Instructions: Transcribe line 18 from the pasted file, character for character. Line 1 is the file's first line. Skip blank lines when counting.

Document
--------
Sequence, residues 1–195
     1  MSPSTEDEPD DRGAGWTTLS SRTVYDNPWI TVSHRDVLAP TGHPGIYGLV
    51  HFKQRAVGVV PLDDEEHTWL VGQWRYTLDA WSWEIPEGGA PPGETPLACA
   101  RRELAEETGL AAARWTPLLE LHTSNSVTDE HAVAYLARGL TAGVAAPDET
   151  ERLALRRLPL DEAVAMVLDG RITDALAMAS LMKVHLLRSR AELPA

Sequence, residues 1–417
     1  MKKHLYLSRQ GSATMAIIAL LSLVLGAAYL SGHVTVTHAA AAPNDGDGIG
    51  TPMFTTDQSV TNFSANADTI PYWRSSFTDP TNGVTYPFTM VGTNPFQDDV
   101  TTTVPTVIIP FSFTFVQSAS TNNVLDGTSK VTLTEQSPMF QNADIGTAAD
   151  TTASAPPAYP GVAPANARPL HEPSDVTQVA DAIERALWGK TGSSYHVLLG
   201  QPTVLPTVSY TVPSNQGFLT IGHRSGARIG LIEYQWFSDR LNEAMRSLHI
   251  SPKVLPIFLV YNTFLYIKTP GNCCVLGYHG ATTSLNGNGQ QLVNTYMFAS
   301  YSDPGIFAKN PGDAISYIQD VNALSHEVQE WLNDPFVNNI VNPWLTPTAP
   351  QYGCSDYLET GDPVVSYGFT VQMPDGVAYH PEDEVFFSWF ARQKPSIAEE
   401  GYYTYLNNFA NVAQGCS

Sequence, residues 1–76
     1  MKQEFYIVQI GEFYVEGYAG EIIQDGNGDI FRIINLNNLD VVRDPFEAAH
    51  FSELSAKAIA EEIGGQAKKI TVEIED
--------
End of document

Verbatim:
    51  FSELSAKAIA EEIGGQAKKI TVEIED